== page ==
In Bisset v Wilkinson  AC 177 case, the court held that no actionable claim for misrepresentation could be formed in case the statement made by was party was just an opinion rather than statement of a fact; similar judgement was given in the case of Tai Kim San and another v Lim Cher Kia  3 SLR(R) 892 (Koh, 2013). It is also necessary that the purpose of such untrue statement is to induce another party or attracting them to create a contractual relationship (Museprime Properties v Adhill Properties  36 EG 114). The statement which is a mere puff cannot be considered as a misrepresentation of fact (Dimmock v Hallett  2 Ch App 21). A statement of law and fact is different, and a suit for misrepresentation cannot be filed in case of the untrue statement of a law (Pankhania v London Borough of Hackney  EWHC 2441 and Solle v Butcher  1 KB 671) (Spark, 2013). In case the misrepresentation statement made by a party is ignored by another party that a suit for negligence cannot be formed (Attwood v Small  UKHL J60).
If the rightness of the facts made by another party is checked, then a claim for misrepresentation cannot be filed by the party. Thus, reliance on the untrue statement is a key element of misrepresentation. In case the opportunity for checking whether the statement of a party is true or false is given to another party which was rejected, then a claim for misrepresentation can be filed (Redgrave v Hurd  20 Ch D 1 and Weir and others v Secretary of State for Transport and Another  EWHC 2191 Ch) (Hudson, 2014). After proving that the contract is formed based on misrepresentation, then remedies can be demanded by the innocent parties (Royscott Trust v Rogerson  2 QB 297). The remedies issued by the court are based on the type of misrepresentation; there are three types which include innocent, fraudulent and negligent. In case of fraudulent misrepresentation, the aggrieved party can demand damages and termination of the contractual relationship (Smith New Court Securities v Scrimgeour Vickers  3 WLR 1051).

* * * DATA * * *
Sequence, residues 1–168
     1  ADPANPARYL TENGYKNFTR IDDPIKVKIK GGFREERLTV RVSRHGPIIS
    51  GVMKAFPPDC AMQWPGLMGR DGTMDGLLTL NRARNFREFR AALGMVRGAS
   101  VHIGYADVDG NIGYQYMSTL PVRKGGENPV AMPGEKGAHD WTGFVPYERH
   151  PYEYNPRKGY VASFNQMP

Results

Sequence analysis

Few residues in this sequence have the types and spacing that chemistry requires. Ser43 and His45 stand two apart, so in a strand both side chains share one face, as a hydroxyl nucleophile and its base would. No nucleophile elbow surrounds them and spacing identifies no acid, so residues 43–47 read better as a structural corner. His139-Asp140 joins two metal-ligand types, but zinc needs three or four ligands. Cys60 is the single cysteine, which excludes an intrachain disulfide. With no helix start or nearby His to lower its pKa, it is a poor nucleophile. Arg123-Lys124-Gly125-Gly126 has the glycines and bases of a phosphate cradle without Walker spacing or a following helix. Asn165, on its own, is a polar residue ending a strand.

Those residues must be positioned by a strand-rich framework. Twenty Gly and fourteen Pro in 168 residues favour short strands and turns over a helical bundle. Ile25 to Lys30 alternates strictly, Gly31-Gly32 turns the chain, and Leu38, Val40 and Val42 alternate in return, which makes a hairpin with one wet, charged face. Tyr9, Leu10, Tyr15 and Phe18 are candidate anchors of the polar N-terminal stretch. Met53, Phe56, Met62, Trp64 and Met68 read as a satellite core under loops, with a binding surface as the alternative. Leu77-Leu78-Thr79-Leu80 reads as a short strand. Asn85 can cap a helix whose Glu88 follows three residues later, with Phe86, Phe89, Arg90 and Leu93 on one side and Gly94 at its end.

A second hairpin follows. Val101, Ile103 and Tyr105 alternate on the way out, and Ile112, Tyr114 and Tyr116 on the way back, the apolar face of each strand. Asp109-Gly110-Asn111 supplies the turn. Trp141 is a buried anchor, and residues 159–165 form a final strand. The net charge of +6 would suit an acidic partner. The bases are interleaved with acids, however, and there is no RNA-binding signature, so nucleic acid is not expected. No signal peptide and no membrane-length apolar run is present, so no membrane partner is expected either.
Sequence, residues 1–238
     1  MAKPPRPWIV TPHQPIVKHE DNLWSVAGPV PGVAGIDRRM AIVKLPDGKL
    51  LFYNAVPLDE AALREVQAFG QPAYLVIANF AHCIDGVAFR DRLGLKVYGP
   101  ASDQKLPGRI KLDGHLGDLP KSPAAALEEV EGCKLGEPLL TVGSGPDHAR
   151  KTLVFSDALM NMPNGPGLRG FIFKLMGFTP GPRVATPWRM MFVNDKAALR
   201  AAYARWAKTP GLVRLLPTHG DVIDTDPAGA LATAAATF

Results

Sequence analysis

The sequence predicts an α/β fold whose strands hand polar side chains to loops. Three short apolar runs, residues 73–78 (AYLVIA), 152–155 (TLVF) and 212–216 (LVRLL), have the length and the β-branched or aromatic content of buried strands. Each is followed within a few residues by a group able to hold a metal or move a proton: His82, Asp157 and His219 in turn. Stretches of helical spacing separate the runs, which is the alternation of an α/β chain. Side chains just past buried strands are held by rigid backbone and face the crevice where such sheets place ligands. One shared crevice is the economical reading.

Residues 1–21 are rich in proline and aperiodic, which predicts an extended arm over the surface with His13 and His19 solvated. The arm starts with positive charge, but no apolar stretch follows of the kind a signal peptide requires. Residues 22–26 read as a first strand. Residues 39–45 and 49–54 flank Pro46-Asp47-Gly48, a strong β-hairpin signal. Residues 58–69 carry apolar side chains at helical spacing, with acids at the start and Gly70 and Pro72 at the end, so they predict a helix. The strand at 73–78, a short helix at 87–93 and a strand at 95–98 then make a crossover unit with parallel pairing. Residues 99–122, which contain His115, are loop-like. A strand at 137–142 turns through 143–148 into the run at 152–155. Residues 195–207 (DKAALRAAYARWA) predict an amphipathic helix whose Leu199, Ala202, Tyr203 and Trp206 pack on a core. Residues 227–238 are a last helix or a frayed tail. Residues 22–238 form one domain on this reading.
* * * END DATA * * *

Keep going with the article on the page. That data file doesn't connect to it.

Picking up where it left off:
Elements Required for Misrepresentation Claim
Legal Advice for Angela
An untrue statement is given by Jessica during the negotiation stage which was not personal opinion, and it was a statement of the fact (Tai Kim San and another v Lim Cher Kia). The purpose of Jessica was to create a contractual relationship with Angela (Museprime Properties v Adhill Properties). Angela checked the accounts for 2007 based on which Jessica can claim that she had ignored the false statement based on which a claim for misrepresentation cannot be formed (Attwood v Small). Although Angela did check the accounts, however, she only checked the accounts of one year after which she relied on the statement of Jessica (Weir and others v Secretary of State for Transport and Another). Thus, it was a fraudulent misrepresentation based on which the remedies can be claimed by Angela (Smith New Court Securities v Scrimgeour Vickers). She can terminate the contract and claim damages for the losses.